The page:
Article from: ELLS CPAs
By: Pam Bustos, CPA
May 27, 2015
A large part of the American Dream has always been to own real estate, whether it be your principal residence or a direct investment in owning land or other rental real estate. Often investors enter into the ownership of rental real estate with the best of intentions and goals; appreciation of the real estate value, increased cash flow and tax benefits due to depreciation. However, they often overlook the time constraints involved with the other aspects of rental real estate, such as dealing with tenants and their lease agreements, property maintenance, and the time required to handle such tasks. Even if a management company is hired to manage the property, certain ongoing decisions are required of the owner.
One structure available to owners of rental real estate through a §1031 exchange is that of a Delaware Statutory Trust (DST). The DST must comply with IRS Rev. Rul. 2004-86 and meet lender requirements. Though DST ownership is not without risk, this structure has numerous advantages over direct ownership of real estate or through a tenant-in-common (TIC) arrangement.
DSTs may be owned by an unlimited number of beneficial owners, however most sponsors permit a maximum of 499 owners in a particular deal. Depending upon the size of the investment, a sponsor may structure a deal with just the trustee and the one beneficial owner to meet the specific investment profile the investor is looking to own.
Ownership of real estate through a DST can have substantial benefits over other forms of real property ownership. Due to their nature, DSTs are highly regulated and must meet stringent requirements to qualify. Some of the benefits of being a DST investor include not having to make any additional cash investment into the property other than the initial investment. The DST is managed by a minimum of one trustee, therefore in times of crisis, the DST has the advantage over the TIC structure of having centralized decision making, whereas in a TIC all major decisions must be unanimous.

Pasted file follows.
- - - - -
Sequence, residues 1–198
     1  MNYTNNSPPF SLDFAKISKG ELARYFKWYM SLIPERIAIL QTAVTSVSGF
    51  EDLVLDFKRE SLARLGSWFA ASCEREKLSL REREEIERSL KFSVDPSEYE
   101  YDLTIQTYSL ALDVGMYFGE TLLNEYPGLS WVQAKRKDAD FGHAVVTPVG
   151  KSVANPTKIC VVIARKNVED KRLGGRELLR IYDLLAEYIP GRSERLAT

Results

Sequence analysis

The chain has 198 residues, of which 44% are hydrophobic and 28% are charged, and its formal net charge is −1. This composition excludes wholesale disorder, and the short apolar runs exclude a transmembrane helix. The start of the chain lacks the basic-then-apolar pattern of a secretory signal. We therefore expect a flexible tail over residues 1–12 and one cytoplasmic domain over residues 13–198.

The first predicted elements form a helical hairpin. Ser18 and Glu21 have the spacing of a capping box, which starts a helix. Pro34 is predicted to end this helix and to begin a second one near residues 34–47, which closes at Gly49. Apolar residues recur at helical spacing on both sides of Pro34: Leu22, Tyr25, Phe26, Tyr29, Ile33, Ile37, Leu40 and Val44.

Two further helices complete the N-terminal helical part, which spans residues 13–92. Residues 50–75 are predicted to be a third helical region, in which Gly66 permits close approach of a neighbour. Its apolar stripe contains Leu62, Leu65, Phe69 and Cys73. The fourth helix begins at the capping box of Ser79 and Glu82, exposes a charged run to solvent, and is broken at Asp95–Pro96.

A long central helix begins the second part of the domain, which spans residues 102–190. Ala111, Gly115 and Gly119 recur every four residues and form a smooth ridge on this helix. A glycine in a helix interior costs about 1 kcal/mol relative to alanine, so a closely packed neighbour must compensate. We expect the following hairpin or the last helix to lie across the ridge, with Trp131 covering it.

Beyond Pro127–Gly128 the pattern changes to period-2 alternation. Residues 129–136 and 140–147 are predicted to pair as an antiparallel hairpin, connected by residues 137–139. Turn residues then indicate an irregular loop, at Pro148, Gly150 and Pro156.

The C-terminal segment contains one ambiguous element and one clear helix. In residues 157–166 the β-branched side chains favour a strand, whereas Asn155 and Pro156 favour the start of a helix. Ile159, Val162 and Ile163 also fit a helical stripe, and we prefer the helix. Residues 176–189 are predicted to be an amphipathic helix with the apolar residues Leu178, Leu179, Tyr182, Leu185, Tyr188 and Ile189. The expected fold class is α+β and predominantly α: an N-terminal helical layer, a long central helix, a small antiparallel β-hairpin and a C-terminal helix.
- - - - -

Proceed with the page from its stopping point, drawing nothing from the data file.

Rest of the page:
Depending on the size of the real estate being traded into in a typical §1031 exchange, the investor may be limited as to the types of property they may acquire due to price constraints. However, in a DST the DST investor may invest in a much larger property while making an investment that is only a fraction of the entire deal. This may give the investor the opportunity to invest in higher quality real estate, such as anchor buildings in commercial shopping centers or large apartment complexes the investor would otherwise be unable to afford. Regardless of the size of the investment, the reporting from a DST is similar to that of a TIC, though often the reports are much more simplified. They typically show the 100% amounts for both balance sheet and income statement, plus they report the fractional ownership of each investor. Also information is typically given regarding the breakdown of the property held by location both for the real property assets as well as for the income and expenses. The basis of the assets in the hands of the investor are determined by each investor, as their basis will differ depending upon how the DST ownership was acquired, either through a §1031 exchange or through direct purchase.
If you hold real estate and are considering an exchange of your property, ownership in a DST may eliminate the headaches that can be associated with direct ownership and may offer you significant advantages over other forms of ownership.
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